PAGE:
"Maybe, maybe not. But I'm glad he hit me. Actually, he lifted me up more than he hit me, but he still caught me squarely on the knee. It was a good test, but I got right up—yes, I was a little mad—and skated back into the play."
Have you found that you can't do certain things on the ice anymore? No one has seen you pirouette yet.
"I still can't pivot the way I'd like, but I'm sure that it will come again when I get in top condition. You don't get into shape until you've played a dozen or 15 real games. Right now I'm doing a lot of stupid things—like holding the puck too long and giving it away too easily—because I'm not in top mental and physical condition yet."
Maybe you'll have to restrict certain movements because of your bad knee?
"You're talking about carrying the puck—or maybe not carrying the puck. I didn't carry the puck very often in Montreal the other night—only once, if I remember correctly—and the people all said that something has to be wrong with Orr. The only thing wrong with me in Montreal was Yvan Cournoyer and Frank Mahovlich and Jacques Lemaire and all those other speedy Canadien forwards. You don't rush the puck very often against Montreal—you'll get burned. I do think I carried the puck well the next night when we beat Buffalo, though. Another thing. I'm a smarter player now—or at least I think I am—than I used to be. I have found out that you can save a lot of energy by being smart on the ice, by passing the puck more. Why crack through two defensemen yourself when you can pass the puck to a teammate, then sneak around behind the defenseman and get a return pass? Also, why go between a guy and the boards when the odds are that you won't make it? I'm just learning those things."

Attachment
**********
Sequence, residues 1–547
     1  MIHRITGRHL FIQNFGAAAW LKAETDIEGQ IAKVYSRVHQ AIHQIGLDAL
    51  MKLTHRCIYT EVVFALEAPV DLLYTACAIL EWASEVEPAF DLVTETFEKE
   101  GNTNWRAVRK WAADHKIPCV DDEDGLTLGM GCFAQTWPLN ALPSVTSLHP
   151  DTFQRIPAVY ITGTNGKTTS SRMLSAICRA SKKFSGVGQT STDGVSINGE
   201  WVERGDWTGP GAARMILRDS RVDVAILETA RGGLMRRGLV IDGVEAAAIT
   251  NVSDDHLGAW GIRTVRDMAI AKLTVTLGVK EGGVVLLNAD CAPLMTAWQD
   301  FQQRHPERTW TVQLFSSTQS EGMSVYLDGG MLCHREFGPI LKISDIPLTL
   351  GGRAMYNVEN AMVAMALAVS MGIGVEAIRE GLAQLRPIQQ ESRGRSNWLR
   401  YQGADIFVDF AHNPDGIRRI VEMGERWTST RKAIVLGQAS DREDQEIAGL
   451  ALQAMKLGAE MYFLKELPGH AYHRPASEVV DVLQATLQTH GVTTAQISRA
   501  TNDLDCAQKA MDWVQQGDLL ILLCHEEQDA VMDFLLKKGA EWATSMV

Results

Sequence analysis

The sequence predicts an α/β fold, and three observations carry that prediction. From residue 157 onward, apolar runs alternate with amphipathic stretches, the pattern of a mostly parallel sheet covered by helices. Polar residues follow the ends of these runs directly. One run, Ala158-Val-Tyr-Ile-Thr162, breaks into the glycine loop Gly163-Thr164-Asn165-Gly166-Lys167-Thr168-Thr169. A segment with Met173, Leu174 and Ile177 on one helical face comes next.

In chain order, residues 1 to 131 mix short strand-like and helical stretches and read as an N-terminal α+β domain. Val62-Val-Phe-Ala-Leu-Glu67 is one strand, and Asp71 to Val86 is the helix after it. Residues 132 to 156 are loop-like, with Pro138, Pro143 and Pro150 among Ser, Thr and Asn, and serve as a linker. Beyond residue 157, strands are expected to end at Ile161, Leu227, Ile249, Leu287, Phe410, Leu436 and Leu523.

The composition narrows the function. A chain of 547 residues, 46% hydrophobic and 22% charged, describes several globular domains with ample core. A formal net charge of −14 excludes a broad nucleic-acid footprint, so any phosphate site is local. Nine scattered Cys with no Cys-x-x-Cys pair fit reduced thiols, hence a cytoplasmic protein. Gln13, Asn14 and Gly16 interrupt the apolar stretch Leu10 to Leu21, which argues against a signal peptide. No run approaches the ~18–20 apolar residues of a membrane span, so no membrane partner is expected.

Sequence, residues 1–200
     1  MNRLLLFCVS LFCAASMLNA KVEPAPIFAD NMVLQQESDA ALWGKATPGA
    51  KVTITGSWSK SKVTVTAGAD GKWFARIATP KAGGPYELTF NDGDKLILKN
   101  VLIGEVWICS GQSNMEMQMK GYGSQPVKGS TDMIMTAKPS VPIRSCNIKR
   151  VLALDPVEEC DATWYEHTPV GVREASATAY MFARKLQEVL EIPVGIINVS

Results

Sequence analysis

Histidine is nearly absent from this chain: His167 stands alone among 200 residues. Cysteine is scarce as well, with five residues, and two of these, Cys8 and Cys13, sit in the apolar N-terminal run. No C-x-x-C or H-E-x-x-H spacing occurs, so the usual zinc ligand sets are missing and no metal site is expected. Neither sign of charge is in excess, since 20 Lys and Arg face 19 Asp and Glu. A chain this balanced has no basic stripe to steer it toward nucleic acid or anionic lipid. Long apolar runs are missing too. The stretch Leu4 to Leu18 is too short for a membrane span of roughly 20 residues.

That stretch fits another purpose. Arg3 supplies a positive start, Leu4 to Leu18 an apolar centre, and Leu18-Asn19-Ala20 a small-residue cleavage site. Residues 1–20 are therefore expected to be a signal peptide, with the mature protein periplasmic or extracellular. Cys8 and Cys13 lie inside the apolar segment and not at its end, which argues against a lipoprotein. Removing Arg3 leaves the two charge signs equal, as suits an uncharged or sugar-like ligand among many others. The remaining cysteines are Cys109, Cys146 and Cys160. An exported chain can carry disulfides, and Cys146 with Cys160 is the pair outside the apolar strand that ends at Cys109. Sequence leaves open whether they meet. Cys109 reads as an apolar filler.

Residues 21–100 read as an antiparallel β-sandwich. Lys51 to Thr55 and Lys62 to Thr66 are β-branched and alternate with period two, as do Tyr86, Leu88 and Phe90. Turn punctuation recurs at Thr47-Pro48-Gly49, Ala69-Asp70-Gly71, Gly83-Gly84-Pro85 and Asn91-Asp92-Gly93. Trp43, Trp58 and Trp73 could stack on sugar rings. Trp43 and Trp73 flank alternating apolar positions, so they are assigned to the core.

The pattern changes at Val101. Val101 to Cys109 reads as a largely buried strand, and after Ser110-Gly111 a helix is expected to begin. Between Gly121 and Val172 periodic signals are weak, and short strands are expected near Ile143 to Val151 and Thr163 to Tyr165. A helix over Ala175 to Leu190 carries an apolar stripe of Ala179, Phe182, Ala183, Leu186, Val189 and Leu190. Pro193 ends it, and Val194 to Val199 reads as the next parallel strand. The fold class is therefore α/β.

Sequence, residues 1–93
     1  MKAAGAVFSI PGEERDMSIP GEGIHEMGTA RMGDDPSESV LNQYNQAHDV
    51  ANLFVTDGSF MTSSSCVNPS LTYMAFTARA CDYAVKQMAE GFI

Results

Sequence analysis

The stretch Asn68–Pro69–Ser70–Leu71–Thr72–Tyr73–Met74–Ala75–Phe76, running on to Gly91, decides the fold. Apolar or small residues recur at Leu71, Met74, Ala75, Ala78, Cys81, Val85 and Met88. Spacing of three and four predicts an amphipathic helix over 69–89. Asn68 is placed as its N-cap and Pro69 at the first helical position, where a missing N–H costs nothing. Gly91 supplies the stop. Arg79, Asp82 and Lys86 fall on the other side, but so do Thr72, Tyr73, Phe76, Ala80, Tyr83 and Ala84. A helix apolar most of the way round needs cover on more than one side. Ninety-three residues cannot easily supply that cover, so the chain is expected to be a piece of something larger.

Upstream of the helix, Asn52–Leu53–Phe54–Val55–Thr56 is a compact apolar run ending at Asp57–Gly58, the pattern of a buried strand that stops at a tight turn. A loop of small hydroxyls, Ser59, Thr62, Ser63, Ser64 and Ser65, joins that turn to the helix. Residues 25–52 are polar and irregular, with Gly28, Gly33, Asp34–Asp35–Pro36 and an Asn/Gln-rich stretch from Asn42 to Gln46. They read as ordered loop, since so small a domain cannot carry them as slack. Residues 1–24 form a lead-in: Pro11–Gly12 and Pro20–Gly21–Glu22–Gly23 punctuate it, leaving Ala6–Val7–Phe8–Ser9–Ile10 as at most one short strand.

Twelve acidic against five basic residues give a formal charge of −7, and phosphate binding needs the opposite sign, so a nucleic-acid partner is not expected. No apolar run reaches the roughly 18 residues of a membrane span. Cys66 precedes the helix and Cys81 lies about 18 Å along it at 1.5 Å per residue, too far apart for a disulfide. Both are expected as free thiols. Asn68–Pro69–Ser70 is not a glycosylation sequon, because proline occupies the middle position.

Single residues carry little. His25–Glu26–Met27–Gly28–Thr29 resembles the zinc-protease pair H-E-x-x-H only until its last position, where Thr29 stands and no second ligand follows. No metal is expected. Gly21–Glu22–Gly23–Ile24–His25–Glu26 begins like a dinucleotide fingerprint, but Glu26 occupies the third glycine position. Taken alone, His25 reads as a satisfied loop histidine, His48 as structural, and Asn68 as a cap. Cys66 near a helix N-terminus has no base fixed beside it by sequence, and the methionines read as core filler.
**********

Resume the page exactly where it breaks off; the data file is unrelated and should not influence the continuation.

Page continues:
You don't wrap tape around the blade of your stick anymore. Are you trying to start a trend? Or do you own a stick company and want kids to start breaking their sticks by the dozen?
"It's funny. I always thought you had to put tape on your stick. Then I found out you don't. So I don't."
Derek Sanderson, John McKenzie, Gerry Cheevers and Teddy Green are all gone to the WHA now. Has the Gas House Gang spirit gone with them?
"No, we're still a crazy bunch, though not as crazy as we used to be."
How many more years will you play? You've put in six years now. Will you be another Gordie Howe and stick around until you're 50?
"I'll play at least three more years because I have three years left on my contract. Then, who knows?"
According to the rumors, Bobby Orr Enterprises wants to buy the Bruins, who are for sale. Do you want to be the game's first player-owner?
"The shrimp's ready, let's eat."